Israeli dancer and choreographer Noa Shavit will bring her talent to the University of Michigan through December.

Featured photo courtesy Noa Shavit/Dana Karochi

Last year, Israeli choreographer and dancer Noa Shavit auditioned before a group of international scouts looking for talent. She caught the attention of Flo Low, associate director of arts programs at the Israel Institute, and was chosen to be part of the organization’s Visiting Artists Program.

Shavit is among 10 Israelis — including writers, theater directors, a musician and a puppeteer — teaching at American universities this year.

University of Michigan will provide Shavit’s teaching stage through December.

“It’s a great honor for me to be here, and I’m so happy to do it,” says Shavit, 36, who toured America in 2006 with Emanuel Gat Dance, a troupe started in Israel and moved to France.

“I will be teaching technique more than classic dance, my point of view regarding performing and a little bit of acting. I like to explore dancing from my experience, and that has to do with keeping active from the inside with emotions, energy and imagination.

“I want to show the big varieties and range of things you can do with dance and how you can develop your body according to your inner self,” Savit says. “All that helps with making a connection between the performer and the audience in how they can relate to each other.”

Shavit, based in Tel Aviv and working as an instructor as well as performer, trained at the Ga’aton Professional Dance Workshop. She has been associated with Sharon Fridman, Anat Grigorio, Dede Dance Company, Nimrod Freed/Tami Dance Company and Noa Dar Dance Group.

In 2018, she premiered the solo “Ingiven” as part of Tmuna Theater’s Intimidance Festival.
“This is the first time I’m teaching a class outside of Israel, and I’m very excited about that,” says Shavit, who started studying dance when she was in third grade and knew by 17 that dance would be the career for her. “I love to teach and work with a range of [students at various levels].”

Shavit, who is engaged to drummer Oren Tuval, will be teaching three dance classes: practical technique, contemporary dance and dance lab.

“It’s very important for me to give students the idea of creating while connecting with the audience,” she says. “They must be open and explore all the time, and that’s a level of communication. They have to be tough [to get through the rigors of dance].”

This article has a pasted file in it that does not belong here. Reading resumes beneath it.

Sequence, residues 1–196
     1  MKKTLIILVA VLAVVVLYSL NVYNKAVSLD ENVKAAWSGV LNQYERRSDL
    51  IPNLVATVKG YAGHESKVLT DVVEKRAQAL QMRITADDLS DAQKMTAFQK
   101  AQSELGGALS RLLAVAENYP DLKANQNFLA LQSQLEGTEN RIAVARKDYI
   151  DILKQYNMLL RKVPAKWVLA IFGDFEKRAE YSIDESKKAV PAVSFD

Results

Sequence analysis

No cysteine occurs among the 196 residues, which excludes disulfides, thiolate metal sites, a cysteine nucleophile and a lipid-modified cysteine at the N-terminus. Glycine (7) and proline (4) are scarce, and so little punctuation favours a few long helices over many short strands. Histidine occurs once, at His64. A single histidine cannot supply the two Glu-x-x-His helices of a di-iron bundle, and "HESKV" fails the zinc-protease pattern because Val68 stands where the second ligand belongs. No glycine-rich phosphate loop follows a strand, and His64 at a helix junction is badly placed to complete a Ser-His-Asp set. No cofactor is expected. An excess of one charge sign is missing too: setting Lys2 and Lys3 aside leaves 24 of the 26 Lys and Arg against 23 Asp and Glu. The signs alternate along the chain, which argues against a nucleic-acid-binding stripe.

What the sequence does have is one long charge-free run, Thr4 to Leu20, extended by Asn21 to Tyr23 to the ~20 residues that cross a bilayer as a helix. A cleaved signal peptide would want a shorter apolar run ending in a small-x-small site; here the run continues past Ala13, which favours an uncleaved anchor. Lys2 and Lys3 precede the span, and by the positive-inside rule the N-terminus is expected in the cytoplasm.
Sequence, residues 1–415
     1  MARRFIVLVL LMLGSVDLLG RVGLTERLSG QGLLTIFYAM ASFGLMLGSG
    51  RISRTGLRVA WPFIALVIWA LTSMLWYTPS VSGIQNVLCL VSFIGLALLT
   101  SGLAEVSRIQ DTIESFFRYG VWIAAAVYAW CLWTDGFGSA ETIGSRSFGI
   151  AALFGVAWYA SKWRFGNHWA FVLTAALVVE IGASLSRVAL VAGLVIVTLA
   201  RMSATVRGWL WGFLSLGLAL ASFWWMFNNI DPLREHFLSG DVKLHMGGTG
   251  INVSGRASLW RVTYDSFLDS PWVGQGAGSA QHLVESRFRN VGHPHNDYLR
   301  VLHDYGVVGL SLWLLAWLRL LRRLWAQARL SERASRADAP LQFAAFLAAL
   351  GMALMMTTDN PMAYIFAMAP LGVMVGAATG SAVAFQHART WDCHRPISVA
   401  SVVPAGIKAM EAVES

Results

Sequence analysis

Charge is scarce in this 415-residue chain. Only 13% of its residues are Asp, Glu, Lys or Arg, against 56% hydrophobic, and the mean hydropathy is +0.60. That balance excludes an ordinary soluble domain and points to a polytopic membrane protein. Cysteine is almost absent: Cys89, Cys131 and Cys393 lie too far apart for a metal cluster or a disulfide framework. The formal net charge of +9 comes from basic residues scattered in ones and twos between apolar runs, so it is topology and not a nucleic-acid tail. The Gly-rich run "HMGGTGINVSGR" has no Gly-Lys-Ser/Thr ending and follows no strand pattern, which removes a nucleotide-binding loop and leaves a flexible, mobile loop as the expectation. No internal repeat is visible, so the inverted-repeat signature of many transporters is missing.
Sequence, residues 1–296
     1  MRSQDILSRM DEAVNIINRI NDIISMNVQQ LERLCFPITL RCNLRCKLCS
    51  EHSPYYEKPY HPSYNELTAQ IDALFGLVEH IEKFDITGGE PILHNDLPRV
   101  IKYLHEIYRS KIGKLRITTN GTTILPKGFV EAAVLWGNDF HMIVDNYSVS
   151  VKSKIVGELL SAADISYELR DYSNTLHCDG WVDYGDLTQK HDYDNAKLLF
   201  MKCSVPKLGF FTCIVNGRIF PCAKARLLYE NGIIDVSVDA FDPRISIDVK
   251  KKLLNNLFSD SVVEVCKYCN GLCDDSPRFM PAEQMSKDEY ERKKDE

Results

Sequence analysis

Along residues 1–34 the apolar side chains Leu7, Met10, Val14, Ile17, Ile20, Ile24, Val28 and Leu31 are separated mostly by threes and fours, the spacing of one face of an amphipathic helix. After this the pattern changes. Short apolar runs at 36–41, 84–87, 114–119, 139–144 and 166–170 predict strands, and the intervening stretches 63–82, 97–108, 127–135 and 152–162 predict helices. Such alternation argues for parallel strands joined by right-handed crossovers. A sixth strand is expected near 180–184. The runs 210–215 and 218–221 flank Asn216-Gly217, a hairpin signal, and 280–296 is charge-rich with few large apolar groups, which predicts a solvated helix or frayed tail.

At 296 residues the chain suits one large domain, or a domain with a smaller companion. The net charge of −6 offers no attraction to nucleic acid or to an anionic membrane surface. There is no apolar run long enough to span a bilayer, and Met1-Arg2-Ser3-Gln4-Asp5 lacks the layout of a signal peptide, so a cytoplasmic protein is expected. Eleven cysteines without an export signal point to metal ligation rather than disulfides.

Other universities participating in the program include the Juilliard School, California Institute of the Arts, University of California, University of Central Florida, Emory University and the University of Southern California.

The Visiting Artists Program is only one initiative of the Israel Institute, a nonprofit based in Washington, D.C. The organization administers programs for university students to learn about modern Israel. Besides engaging with students, visiting artists share Israeli culture with American communities.

“I will be happy to make connections with any organization if they want to invite me for teaching or other activities in the community,” Shavit says.

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Suzanne Chessler’s writing-editing career has spanned many years, and her articles have been featured in secular and religious publications across the state and around the country. There was a period of time when she maintained three regular columns in three different publications – one appearing weekly to spotlight metro volunteers, another appearing weekly to profile stage enthusiasts in community theater and a third appearing bimonthly to showcase upcoming arts programs. Besides doing general reporting, she has had continuing assignments involving health, monetary subjects and crime. Her award-winning work builds on majors in English-speech and journalism earned at Wayne State University, where instructors also were writers-editors on Detroit’s daily newspapers.